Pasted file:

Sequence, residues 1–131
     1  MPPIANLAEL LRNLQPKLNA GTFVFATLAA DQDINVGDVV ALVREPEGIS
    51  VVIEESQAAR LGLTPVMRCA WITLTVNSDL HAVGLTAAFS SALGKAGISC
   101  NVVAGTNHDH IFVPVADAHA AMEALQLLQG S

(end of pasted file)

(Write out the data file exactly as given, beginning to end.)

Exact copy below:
Sequence, residues 1–131
     1  MPPIANLAEL LRNLQPKLNA GTFVFATLAA DQDINVGDVV ALVREPEGIS
    51  VVIEESQAAR LGLTPVMRCA WITLTVNSDL HAVGLTAAFS SALGKAGISC
   101  NVVAGTNHDH IFVPVADAHA AMEALQLLQG S